About this Research Topic
Influenza continues to be a major global public health burden with significant annual morbidity and economic costs. This annual burden is allied to the constant overhanging sceptre of a severe pandemic. A major obstacle in combating influenza is viral evolution that leads to the continuous emergence of new antigenically distinct virus strains to evade protective host immunity. Thus, there is great interest in understanding the immunological mechanisms involved in protection against a broad range of influenza virus subtypes. This understanding of heterosubtypic immunity is particularly important for the development and evaluation of “universal” influenza vaccines designed to confer broad protective immunity.
T-cells are a critical component in mediating heterosubtypic immunity, particularly in the absence of antibody mediated protection. T-cells, CD4+ and CD8+, have been shown to recognise epitopes in the internal viral proteins that are highly conserved across subtypes of influenza A virus and T-cells have been shown to mediate protection in multiple animal and non-human primate models of influenza. More recently, multiple strands of research has enhanced our understanding of cellular immunity to influenza. In particular, this includes work on the protective role of CD8+ T-cells in humans during a pandemic, the direct and indirect contribution of CD4+ T-cells, the protective role of local tissue-resident memory T-cells and the contribution of T follicular helper cells in B cell mediated protection against influenza. At the same time, there has been a greater understanding of the immune mechanisms involved in influenza immunopathology and the role of different T-cells in recovery and resolution of influenza. Furthermore, there has been increasing interest in the molecular mechanisms including transcriptional and epigenetic changes that underlie the induction and development of protective T-cell memory as well as defining the basis of T-cell specificity. In parallel, there has been rapid progress in developing and clinical evaluation of vaccines and vaccination strategies to induce cross-protective T-cells using live and vector-based vaccines.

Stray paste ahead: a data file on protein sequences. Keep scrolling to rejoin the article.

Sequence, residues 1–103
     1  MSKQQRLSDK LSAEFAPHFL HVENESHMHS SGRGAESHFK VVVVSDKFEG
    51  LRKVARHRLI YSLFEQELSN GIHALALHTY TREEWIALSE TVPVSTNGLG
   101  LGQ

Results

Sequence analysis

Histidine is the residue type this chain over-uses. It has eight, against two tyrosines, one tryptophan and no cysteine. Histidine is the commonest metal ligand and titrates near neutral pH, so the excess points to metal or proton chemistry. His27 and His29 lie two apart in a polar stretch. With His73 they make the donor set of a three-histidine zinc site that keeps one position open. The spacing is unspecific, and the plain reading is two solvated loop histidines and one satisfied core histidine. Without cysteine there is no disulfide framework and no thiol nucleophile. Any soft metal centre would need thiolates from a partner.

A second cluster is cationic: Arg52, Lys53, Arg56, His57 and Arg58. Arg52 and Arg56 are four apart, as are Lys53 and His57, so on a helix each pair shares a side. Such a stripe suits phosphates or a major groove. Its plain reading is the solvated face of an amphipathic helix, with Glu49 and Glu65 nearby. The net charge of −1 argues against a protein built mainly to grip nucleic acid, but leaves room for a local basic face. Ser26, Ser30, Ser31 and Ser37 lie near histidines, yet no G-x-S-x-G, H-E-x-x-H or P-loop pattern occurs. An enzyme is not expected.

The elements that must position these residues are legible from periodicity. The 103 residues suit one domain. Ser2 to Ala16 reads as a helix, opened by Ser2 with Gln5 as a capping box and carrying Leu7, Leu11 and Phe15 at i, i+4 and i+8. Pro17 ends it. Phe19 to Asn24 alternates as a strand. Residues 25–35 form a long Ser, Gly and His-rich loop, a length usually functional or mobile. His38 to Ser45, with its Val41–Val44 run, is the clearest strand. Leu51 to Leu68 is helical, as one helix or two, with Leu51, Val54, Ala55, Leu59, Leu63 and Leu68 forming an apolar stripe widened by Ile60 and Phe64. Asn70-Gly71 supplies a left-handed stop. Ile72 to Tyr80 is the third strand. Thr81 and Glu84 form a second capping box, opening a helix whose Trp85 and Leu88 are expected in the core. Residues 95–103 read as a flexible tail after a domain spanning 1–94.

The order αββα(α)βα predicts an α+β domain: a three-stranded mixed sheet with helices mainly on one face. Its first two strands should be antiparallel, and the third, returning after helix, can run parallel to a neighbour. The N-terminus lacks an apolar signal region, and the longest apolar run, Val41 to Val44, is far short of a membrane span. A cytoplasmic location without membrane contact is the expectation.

In this Research Topic, we focus on charting the historical and recent paradigm shifting advances in our understanding of the fundamental biology of T-cell immunity to influenza as well as highlighting translational applications in developing protective cellular correlates and T-cell inducing influenza vaccines.
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